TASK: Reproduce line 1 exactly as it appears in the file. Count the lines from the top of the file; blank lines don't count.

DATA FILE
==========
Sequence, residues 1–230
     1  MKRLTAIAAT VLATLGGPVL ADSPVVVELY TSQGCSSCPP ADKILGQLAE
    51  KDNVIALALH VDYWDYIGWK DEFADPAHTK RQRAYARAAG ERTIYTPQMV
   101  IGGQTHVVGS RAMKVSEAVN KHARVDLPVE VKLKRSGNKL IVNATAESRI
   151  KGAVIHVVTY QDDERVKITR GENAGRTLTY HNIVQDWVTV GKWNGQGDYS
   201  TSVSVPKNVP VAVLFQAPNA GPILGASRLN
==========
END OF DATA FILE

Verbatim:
Sequence, residues 1–230